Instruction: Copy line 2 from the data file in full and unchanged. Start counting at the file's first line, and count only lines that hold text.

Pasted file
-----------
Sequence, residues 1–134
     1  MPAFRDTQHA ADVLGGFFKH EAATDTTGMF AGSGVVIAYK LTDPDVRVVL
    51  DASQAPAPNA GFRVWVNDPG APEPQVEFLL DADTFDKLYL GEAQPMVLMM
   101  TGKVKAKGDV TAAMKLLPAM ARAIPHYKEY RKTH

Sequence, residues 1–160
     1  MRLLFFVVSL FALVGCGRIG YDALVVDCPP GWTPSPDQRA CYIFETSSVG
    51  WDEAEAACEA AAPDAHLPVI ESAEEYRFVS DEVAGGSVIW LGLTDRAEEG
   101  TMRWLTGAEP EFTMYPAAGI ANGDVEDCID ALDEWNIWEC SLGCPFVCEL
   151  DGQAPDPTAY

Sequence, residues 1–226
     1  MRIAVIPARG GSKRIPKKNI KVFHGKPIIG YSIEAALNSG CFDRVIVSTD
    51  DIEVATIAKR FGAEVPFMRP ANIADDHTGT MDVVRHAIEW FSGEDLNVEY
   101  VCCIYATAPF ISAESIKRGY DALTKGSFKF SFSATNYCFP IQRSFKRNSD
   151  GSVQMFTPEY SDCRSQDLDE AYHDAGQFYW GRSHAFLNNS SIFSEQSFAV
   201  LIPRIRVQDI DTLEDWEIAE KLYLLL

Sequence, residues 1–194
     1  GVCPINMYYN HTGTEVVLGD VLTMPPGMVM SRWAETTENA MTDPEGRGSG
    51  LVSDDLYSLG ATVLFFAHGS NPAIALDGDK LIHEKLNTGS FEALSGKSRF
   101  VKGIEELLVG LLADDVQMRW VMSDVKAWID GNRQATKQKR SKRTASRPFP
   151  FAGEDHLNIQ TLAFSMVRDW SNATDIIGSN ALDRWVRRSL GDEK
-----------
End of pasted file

     1  MPAFRDTQHA ADVLGGFFKH EAATDTTGMF AGSGVVIAYK LTDPDVRVVL